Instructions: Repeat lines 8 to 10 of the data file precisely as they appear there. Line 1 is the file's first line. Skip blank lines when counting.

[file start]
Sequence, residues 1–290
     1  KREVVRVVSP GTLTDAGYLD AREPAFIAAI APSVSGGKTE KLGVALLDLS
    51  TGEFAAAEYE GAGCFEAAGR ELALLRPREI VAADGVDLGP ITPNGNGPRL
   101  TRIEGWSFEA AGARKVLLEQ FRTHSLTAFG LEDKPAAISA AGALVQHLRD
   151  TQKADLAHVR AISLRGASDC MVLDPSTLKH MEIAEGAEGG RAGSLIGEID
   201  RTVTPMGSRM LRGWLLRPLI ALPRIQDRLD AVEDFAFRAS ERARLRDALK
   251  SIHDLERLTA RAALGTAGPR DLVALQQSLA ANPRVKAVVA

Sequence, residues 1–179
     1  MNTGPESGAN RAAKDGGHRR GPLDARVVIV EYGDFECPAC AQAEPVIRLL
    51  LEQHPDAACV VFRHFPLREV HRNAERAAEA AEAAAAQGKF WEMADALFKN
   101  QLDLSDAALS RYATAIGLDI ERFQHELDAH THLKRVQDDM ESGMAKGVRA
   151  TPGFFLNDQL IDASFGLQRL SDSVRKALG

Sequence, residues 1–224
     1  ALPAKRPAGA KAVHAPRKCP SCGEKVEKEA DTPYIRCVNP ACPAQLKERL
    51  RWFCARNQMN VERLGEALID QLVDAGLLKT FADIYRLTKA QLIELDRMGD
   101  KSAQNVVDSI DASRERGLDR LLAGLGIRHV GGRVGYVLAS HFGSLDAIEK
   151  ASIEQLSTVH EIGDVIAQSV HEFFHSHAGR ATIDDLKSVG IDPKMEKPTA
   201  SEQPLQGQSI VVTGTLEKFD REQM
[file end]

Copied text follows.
Sequence, residues 1–179
     1  MNTGPESGAN RAAKDGGHRR GPLDARVVIV EYGDFECPAC AQAEPVIRLL
    51  LEQHPDAACV VFRHFPLREV HRNAERAAEA AEAAAAQGKF WEMADALFKN